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A Flood of Trash : L.A. River Carries Tons of Debris to Area Shores


LONG BEACH — Vacationing Robbie Wright and his son, Paul, sat sipping coffee Thursday morning at Shoreline Village, gazing at the boats and water below as the long-absent sun made a welcome appearance. It was not a pretty sight.

The sleek white hulls of expensive sailboats floated in a cake of nasty-looking debris studded with bobbing plastic foam, tree limbs and plastic bottles. The muddy water resembled a very bad cup of hot chocolate.

"We can't believe it," Wright acknowledged with a smile as he nodded toward the muck below. "We've come from England, and it's a good (thing) we've been here before or we'd think it was a bit rough."

The marina trash was just a drop in the city's garbage buckets. Last week's spectacular storms washed spectacular amounts of debris onto Long Beach shores. City workers labored from dawn to dusk, scooping up endless waves of tangled urban litter and tree limbs spewed from the mouth of the Los Angeles River.

Officials who oversee the city's beach maintenance estimated that the torrential rains were littering the local coast with some 4,000 tons of trash--more than three times the amount left by a typical winter storm. The cleanup bill was expected to total about $800,000.

"Unfortunately, we get it all," lamented city Parks Manager Phil Hester. "You name it. It's mostly tree branches, trunks, a tremendous amount of Styrofoam, cans, tires. We may find refrigerators, dead animals."

Running from the southern end of the San Fernando Valley to Long Beach, the 51-mile Los Angeles River acts as a giant storm drain, catching the runoff water that has scoured a vast urban area. What gets tossed in the gutter flows into the river channel--and ultimately into Long Beach's waters.

It's enough to make Rudy Vanderhider yearn for environmental activism. "Tell your readers to register Green (the political party)," Vanderhider exhorted from the water taxi he operates between Shoreline Village and the Queen Mary ocean liner, a route that takes him across the mouth of the river many times a day.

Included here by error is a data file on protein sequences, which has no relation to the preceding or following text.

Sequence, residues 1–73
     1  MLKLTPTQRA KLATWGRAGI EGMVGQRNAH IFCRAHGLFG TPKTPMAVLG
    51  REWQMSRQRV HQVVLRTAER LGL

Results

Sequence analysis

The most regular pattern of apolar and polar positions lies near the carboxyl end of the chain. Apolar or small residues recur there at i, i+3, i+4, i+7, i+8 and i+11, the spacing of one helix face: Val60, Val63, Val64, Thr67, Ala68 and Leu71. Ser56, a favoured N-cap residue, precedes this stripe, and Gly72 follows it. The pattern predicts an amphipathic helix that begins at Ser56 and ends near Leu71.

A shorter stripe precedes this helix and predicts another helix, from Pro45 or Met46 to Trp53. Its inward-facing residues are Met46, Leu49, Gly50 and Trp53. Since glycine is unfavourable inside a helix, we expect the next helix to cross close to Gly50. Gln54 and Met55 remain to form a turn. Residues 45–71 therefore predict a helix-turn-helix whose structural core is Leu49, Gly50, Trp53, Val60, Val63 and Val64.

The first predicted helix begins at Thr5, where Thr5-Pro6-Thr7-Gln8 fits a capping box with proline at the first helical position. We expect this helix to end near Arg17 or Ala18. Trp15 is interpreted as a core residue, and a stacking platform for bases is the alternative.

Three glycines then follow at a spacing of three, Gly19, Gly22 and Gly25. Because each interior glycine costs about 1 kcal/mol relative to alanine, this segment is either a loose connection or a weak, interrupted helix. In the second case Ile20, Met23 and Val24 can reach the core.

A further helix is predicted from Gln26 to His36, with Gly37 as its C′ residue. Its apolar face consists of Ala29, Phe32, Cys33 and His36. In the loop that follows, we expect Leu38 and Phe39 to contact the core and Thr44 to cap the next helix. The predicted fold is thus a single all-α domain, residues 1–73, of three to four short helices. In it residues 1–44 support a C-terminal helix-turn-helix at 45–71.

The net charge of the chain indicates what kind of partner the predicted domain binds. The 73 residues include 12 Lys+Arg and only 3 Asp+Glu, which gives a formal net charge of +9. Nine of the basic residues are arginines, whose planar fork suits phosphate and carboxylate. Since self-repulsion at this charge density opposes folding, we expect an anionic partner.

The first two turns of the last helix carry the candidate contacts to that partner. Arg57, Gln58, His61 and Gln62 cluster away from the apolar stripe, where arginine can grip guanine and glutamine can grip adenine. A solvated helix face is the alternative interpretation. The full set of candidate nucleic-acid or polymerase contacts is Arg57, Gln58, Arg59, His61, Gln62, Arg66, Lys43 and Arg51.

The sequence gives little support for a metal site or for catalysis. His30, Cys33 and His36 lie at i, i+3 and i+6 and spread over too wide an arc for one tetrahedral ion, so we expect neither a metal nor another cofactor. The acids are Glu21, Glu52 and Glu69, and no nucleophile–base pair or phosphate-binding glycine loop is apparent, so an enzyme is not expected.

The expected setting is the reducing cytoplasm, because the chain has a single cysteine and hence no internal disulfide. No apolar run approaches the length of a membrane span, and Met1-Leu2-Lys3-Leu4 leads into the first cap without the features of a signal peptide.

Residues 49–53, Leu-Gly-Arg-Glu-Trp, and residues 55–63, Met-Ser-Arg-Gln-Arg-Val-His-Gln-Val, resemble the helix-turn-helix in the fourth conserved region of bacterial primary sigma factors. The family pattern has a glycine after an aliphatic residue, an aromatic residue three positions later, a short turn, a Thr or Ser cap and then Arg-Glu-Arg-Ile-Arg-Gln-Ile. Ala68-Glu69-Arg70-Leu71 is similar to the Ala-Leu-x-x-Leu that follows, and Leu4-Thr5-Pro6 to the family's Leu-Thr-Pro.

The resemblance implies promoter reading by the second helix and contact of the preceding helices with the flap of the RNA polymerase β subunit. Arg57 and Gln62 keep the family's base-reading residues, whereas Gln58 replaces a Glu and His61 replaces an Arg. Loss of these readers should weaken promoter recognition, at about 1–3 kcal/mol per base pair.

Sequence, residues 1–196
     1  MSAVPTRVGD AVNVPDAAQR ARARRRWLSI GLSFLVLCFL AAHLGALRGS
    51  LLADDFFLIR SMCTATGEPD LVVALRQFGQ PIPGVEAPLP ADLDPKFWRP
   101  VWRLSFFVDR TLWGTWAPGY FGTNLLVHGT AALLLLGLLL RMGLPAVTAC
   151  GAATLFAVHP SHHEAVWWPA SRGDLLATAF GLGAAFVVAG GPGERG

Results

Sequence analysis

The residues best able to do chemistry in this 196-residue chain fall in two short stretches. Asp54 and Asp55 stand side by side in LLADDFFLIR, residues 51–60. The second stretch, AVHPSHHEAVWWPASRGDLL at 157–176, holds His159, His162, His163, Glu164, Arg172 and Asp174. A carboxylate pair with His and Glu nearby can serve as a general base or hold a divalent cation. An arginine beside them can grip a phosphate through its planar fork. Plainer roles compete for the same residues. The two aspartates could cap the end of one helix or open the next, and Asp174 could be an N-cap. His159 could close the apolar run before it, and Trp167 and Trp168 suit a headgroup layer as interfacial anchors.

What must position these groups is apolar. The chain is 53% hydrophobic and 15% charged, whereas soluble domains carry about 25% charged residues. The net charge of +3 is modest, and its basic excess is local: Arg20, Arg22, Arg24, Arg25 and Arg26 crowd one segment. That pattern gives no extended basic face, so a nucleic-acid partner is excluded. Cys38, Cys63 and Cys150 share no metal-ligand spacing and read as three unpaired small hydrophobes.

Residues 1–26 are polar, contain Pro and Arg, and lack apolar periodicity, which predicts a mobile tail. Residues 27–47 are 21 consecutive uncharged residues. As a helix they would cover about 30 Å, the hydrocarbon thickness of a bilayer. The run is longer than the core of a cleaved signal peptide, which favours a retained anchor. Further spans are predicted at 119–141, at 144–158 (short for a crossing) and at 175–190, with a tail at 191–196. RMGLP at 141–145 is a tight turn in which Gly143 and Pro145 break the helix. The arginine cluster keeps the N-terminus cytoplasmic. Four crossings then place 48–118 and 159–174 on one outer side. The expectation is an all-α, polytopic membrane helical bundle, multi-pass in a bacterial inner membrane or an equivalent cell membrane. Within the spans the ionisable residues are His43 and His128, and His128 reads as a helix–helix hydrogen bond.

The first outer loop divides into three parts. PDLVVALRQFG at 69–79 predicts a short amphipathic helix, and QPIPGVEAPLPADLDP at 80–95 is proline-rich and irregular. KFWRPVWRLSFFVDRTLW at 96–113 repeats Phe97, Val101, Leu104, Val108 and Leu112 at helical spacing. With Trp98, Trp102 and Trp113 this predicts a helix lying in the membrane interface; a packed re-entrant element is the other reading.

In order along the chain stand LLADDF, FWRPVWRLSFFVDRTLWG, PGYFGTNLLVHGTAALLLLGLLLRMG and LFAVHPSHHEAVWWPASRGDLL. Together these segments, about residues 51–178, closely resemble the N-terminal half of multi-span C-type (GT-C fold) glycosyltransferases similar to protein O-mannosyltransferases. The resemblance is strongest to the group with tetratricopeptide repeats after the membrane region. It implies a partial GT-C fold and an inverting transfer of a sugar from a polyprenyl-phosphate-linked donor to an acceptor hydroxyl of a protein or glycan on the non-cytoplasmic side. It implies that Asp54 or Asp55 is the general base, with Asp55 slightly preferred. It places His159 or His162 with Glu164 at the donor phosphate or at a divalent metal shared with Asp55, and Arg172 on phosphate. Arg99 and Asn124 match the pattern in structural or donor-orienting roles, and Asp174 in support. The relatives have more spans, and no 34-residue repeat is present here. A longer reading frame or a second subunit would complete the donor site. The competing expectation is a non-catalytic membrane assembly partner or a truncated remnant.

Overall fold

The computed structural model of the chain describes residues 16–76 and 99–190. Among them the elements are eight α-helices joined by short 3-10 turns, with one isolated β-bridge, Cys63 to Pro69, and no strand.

"Sometimes we get clumps of trash so big there'll be three or four birds sitting on it," Vanderhider recounted. Couches and appliances bob by, along with countless motor oil cans. "Everybody who changes their oil in Los Angeles throws the can into the gutter," Vanderhider complained.

The city uses some of its largest equipment for the mammoth ocean cleanup job. Workers drive lumbering bulldozers into the waves to push the trash out of water's reach, leaving it in twisted piles resembling sand dunes strung along the shore.

In the marinas, a "flotsam dipper" does the work. It's a small pontoon boat with a conveyor belt that dips into the water. Workers stand on the pontoons and rake the trash onto the belt, which carries it into dumpsters lifted to shore by a crane.

Because the debris is wet and sandy, it can't be burned in the city's trash incinerator on Terminal Island. Instead, it must be hauled to landfills.

Until it is, a stroll on the beach is a somewhat daunting experience. "What a mess," sighed Diana Tynon as she surveyed the heaps of tree limbs and scattered plastic on the downtown beaches.

Still, she had found her treasures among the trash. She held four pieces of driftwood in her hands.

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